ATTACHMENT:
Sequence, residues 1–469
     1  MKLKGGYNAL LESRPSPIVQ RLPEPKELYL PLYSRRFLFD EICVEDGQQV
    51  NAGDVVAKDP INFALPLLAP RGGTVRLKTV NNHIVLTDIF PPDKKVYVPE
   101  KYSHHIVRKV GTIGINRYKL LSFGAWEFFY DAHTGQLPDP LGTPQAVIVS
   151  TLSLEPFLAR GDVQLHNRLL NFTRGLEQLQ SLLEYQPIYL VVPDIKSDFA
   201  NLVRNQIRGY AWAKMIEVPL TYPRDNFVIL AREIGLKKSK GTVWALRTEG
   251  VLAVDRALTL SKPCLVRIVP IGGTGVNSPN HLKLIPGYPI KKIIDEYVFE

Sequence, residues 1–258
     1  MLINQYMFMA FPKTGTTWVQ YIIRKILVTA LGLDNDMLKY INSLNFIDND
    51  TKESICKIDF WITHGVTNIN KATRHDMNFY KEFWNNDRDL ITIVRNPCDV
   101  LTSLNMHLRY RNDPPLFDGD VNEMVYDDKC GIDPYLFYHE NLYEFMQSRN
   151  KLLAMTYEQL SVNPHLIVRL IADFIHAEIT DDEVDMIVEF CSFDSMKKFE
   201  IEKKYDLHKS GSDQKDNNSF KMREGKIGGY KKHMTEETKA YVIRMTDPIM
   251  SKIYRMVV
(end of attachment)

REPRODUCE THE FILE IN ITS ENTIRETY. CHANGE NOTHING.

Sequence, residues 1–469
     1  MKLKGGYNAL LESRPSPIVQ RLPEPKELYL PLYSRRFLFD EICVEDGQQV
    51  NAGDVVAKDP INFALPLLAP RGGTVRLKTV NNHIVLTDIF PPDKKVYVPE
   101  KYSHHIVRKV GTIGINRYKL LSFGAWEFFY DAHTGQLPDP LGTPQAVIVS
   151  TLSLEPFLAR GDVQLHNRLL NFTRGLEQLQ SLLEYQPIYL VVPDIKSDFA
   201  NLVRNQIRGY AWAKMIEVPL TYPRDNFVIL AREIGLKKSK GTVWALRTEG
   251  VLAVDRALTL SKPCLVRIVP IGGTGVNSPN HLKLIPGYPI KKIIDEYVFE

Sequence, residues 1–258
     1  MLINQYMFMA FPKTGTTWVQ YIIRKILVTA LGLDNDMLKY INSLNFIDND
    51  TKESICKIDF WITHGVTNIN KATRHDMNFY KEFWNNDRDL ITIVRNPCDV
   101  LTSLNMHLRY RNDPPLFDGD VNEMVYDDKC GIDPYLFYHE NLYEFMQSRN
   151  KLLAMTYEQL SVNPHLIVRL IADFIHAEIT DDEVDMIVEF CSFDSMKKFE
   201  IEKKYDLHKS GSDQKDNNSF KMREGKIGGY KKHMTEETKA YVIRMTDPIM
   251  SKIYRMVV